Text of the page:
The Malta Kiosk (Turkish: Malta Köşkü) is a historic imperial Ottoman residence located within the garden of the Yıldız Palace in Istanbul, Turkey. The two-storey pavilion was commissioned by Sultan Abdülaziz (reigned 1861–1876) as a hunting lodge, designed by the architect Sarkis Balyan in the neo-baroque style and completed in 1870.
The pavilion, perched atop a steep hill, is one of the two lodges of its art within the Yıldız Park, the other one being the Çadır Pavilion (Turkish: Çadır Köşkü). It is located at the north side of the wall separating Yıldız Palace. There are also two watching and resting pavilions in the grove being the rear garden of Çırağan Palace from the Abdül Aziz I period. The origin of the name is not certain but it is thought that during the Ottoman era certain parts of palaces were called after the names of conquered places, so this name was probably given after the siege of Malta (even though the siege was a major Ottoman defeat and Malta remained unconquered).
Malta Kiosk is an example of westernised architecture of the 19th century. The building was constructed by Sarkis Balyan and his brothers. During the Abdül Mecid I period, the architects have been influenced by the European architecture and motifs of nature, flowers, fruits and hunting animal figures have been widely used on the walls. Round marble columns, terraces, bedrooms, wooden and crystal halls have features like neo-classical, neo-Islamic and neo-Ottoman characteristics. The arches in S and C shapes originated from the Rococo style. Columns, palmets or sea shells have been added to the keystones of the arches. The baroque style of the 19th century has been reflected with oval windows, fluted cornices, flushed columns with small tower on ends. The vertical and horizontal elements have been balanced in the Empire style symbolising the Napoleonic period under the influence of Egyptian and Roman architecture.
The facades of the building on each side, painted in yellow and green, consists of three parts with a large center section flanked by two smaller. Main elements of the facades are triple, tall but narrow, round-arched windows. At the second floor on the side overlooking the Bosporus are also balconies. The building has four doors in total.
The waterside entrance opens onto a large hall. On both sides of the entrance hall, two staircases rise to upper floor. A large chandelier hangs from a dome-shaped ceiling, which is opulently decorated with curving branches and clusters of various flower motifs. The lower salon contains a big marble fountain and a marble pool in the center decorated with carved swan and fish figures. Between the hall and the salon, there are five-tier marble fountains again with carved swan figures. Two marble columns erects here to the ceiling.
The salon on the upper level is flanked with two large and one small-sized rooms. The large salons on both floors are equipped with a carved marble fireplace worked with colorful flowers. Oil paintings with landscape themes beautify the walls of the salons. Two rooms on the upper floor are decorated with flower motifs. There are balconies on the second floor facing the sea.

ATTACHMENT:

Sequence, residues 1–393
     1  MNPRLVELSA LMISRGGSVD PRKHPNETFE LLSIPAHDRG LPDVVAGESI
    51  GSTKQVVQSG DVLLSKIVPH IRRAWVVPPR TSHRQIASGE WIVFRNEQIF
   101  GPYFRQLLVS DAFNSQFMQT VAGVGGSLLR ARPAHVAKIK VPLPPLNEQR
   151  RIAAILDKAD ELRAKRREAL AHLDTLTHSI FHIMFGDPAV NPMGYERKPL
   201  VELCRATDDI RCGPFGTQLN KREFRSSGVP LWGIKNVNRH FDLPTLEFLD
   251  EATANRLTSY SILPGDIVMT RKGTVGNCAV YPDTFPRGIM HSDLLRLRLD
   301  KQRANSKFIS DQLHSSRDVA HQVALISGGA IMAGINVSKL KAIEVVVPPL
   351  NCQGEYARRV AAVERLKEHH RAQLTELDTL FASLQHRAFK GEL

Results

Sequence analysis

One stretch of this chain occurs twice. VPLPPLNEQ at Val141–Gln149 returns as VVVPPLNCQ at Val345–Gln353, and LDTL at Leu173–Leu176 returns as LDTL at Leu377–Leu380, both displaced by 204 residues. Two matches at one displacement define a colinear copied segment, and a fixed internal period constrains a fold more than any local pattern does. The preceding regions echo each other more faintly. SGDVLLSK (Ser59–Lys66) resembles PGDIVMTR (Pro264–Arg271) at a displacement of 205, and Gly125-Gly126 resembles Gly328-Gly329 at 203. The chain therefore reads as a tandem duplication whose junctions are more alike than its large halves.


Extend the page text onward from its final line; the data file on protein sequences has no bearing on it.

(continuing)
Witness to political incidents
When Sultan Abdülaziz was dethroned in 1876, his nephew Murad V (reigned May 30-August 31, 1876) was elevated to the throne. However, he was in turn deposed only after 93 days on the grounds that he was mentally ill, and was replaced by his brother, Abdul Hamid II (reigned 1876–1909). Abdul Hamid II detained Murad V in the Malta Pavilion.
Midhat Pasha, grand vizier and statesman, was ordered by Sultan Abdul Hamid II to be arrested the second time in 1881. Although escaped in the first instance, Midhat Pasha returned a short time later claiming a fair hearing. The trial was held in the nearby Çadır Pavilion, and lasted three days in June that year, during which he was tortured in the basement. The trial of Midhat Pasha took place in a tent behind the pavilion.
Following the foundation of the Republic of Turkey, the Malta Pavilion, as many of Ottoman imperial buildings, stood unused and was neglected over a long period. In 1979, the Touring and Automobile Club of Turkey (TTOK) under its CEO Çelik Gülersoy signed an agreement with the City of Istanbul to restore and preserve specific imperial residences, and to run them as public premises. Malta Pavilion was the first restoration work accomplished.
The exterior walls were repainted green with white trim, and the interiors were restored to their former glory. Furnishings, chandeliers and paintings were collected to fit the style of the rich neo-baroque building.
Opened to the public in 1982, the Malta Pavilion was run as a cafeteria and restaurant by the TTOK until the lease license expired, and the Metropolitan Municipality of Istanbul did not renew it. From 1997 until 2003, it was operated by the tourism company Beltur of the Metropolitan Municipality. Today, the premise is being run by a private company. In the restaurant and cafeteria on two floors, up to 150 guests can be served.
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- Gülersoy, Çelik (1983). Yıldız Parc and Malta Pavilion. Istanbul: TTOK Yayınları.
Media related to Malta Kiosk at Wikimedia Commons